And until this year, I was able to avoid having these conversations with him. Avoid them because I wasn’t sure what to say. How to explain that I watched him not breathe when he came off the ventilator. How to explain that he lost so much blood during his last transplant that his blood pressure dropped to the point of almost no return.
But I believe in truth and I believe he deserves to know everything that he can’t remember due to his medical induced coma and age.
He’s coming to the age of development where he wants to know things, all the things, including his own journey.
You know these conversations are coming, but you are never truly prepared. Like the moment you tell him he almost didn’t make it and you watch him take it all in.
“Hmm, scary”, he responded.
And with tears in my eyes, all I can think “Yes, kiddo. It sure as hell was.”
But it won’t stop here. He will continue to process the information, continue to ask questions until he can formulate a clear picture in his own head.
And I want him to know the reality of how lucky he is – we are – that he get’s to be here with us today.
We reached another milestone in life where this amazing warrior is 12!
It’s simply amazing how he has fought to be here and continues to inspire the people he meets. His energy and spirit are infectious to be around and if you are ever down, man all I need to think about is where he’s been or he comes in and ignites life into the moment.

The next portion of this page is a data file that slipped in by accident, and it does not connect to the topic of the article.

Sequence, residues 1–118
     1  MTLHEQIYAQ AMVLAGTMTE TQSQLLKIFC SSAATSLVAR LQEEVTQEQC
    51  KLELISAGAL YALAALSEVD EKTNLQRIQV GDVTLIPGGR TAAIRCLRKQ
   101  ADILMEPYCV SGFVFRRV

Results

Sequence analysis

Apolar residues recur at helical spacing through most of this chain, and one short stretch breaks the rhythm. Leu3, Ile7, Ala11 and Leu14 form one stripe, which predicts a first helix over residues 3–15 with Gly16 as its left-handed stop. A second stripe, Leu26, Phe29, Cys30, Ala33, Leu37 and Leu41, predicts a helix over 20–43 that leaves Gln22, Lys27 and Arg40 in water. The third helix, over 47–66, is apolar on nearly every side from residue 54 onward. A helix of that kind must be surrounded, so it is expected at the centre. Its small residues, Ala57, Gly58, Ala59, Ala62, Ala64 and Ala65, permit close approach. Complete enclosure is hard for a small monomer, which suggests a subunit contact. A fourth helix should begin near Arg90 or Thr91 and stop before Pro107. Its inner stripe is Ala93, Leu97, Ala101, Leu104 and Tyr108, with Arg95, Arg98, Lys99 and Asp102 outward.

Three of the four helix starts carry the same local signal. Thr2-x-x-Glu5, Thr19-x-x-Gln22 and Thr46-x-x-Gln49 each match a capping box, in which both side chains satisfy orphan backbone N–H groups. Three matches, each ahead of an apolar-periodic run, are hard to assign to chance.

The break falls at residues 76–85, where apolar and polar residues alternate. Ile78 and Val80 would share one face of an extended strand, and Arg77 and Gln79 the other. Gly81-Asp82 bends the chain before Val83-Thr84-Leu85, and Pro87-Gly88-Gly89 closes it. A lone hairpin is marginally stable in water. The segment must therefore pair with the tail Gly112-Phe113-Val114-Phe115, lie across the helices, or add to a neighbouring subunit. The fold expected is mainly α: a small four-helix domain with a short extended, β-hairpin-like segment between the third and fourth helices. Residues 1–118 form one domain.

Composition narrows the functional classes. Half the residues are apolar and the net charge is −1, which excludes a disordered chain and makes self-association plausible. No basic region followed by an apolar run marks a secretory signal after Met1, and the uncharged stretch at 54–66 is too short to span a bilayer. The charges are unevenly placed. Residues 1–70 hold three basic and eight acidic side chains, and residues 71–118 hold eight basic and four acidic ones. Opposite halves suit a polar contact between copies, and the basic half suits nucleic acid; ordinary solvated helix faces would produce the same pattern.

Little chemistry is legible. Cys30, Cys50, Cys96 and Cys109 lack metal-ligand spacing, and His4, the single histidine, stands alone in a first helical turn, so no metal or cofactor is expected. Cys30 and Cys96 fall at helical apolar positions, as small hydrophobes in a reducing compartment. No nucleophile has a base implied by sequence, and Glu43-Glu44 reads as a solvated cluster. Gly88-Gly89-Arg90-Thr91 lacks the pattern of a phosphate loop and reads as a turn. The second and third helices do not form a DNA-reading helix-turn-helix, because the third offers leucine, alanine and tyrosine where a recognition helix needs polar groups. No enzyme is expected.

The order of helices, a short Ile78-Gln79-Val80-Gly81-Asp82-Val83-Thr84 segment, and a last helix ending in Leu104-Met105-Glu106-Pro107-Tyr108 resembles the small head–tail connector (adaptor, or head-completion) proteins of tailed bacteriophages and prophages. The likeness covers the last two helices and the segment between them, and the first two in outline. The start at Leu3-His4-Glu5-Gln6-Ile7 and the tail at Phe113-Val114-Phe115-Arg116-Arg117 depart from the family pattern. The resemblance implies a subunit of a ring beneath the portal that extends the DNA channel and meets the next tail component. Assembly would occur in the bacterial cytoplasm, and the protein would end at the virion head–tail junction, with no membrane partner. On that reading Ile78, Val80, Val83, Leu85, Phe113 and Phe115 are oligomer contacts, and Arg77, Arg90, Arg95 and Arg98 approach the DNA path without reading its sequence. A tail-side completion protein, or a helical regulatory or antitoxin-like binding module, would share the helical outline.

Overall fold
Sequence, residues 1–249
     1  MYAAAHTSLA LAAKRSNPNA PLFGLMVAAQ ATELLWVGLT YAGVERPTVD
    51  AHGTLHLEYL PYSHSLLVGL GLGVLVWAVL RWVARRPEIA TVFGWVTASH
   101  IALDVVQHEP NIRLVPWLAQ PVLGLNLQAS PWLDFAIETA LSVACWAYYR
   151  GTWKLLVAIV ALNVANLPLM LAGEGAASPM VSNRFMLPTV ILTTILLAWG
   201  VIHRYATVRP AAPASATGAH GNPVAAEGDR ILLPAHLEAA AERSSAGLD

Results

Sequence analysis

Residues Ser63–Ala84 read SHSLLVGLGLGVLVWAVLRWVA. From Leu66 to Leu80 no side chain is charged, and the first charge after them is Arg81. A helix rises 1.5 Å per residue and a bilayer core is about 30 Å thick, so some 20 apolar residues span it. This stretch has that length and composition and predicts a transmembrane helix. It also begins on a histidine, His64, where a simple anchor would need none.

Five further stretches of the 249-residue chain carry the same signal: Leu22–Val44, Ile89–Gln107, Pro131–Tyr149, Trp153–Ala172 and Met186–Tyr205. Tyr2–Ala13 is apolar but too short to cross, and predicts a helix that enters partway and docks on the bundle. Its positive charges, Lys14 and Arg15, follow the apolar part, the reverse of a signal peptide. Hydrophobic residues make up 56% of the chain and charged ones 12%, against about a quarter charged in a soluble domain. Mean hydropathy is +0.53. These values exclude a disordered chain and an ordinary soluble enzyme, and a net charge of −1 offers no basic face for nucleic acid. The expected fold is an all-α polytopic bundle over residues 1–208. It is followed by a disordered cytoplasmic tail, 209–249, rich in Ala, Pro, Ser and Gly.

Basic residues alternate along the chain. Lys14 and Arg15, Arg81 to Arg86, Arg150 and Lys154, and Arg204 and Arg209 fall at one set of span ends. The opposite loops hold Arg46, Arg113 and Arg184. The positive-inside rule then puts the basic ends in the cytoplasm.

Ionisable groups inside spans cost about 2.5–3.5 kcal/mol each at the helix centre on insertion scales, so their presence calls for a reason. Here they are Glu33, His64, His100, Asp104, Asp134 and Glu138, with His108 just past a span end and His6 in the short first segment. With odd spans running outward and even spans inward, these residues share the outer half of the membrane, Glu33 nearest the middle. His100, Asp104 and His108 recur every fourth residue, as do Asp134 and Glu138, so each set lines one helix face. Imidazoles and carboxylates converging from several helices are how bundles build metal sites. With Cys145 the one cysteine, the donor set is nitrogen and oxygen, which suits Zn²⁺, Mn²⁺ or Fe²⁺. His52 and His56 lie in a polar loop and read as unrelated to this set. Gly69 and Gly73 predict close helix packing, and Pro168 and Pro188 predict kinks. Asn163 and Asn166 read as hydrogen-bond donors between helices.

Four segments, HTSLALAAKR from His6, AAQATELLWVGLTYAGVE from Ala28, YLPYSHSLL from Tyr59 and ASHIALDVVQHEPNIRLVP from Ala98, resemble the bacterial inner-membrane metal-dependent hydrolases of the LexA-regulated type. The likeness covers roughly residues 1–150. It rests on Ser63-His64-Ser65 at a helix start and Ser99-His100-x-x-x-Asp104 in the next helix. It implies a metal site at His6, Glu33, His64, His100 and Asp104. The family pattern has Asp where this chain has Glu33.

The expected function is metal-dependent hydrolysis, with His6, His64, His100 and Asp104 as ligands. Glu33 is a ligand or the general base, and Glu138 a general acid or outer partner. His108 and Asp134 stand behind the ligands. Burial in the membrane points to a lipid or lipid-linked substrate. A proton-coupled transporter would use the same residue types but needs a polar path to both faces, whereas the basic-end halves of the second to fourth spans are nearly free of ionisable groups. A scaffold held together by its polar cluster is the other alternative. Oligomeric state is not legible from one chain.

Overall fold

His spirit and essence are just that, life.
Reminding us to go after our dreams – to enjoy the moment. Holding grudges and hanging on to negativity will only keep us sad and unhappy. And while all moments are not rosy – I relish the fact that he’s here!
Below are 12 pictures to commemorate parts of his journey.
King of the Rock
I am way over due for a blog post and an update on Lennon and so with it being Organ Donation Awareness months, I am tackling both at the same time. Win!
Lennon is making physical progress and even some cognitive progress. He’s still academically behind with his peers and well can’t often handle the classroom of 20 kids due to sensory overwhelm BUT he is managing.
He’s had a physical recently and he has gained his weight back since the pneumonia incident but hasn’t grown much. Nothing too concerning as he will probably grow more in a few years just like his brothers – and well I am not exactly tall and he’s 4 ft 9 in right now.
One of the things I admire is his perseverance. He huddles and muddles through most any obstacle even if he becomes emotionally overwhelmed. One of the things I am in awe in is his strong affection for me though it really resembles the affection need for a much younger child. He loves to be held or picked up and at 63 lbs – boy that gets heavy. He loves his cuddle time and just needs to feel secure most days.
He’s coming up for review to determine if he still qualifies for the label of being disabled. It brings me all kinds of concerns for the services he is currently receiving that would stop just like that. In addition to his medical management that I cannot handle on my current income – life is challenging enough. I don’t know what will happen but we will cross that bridge when we get there.
He was quite done walking
In the mean time, we enjoyed a hike to a waterfall on Skyline Drive – his idea! He loved it until we had to go back, and while he whined he did successfully return to the car and was super excited about the ice cream on our way home. His legs are still not strong as most and I told him we will walk more frequently – he is not a fan. However knowing him, it’ll be fine because we’ll have loads of fun 😉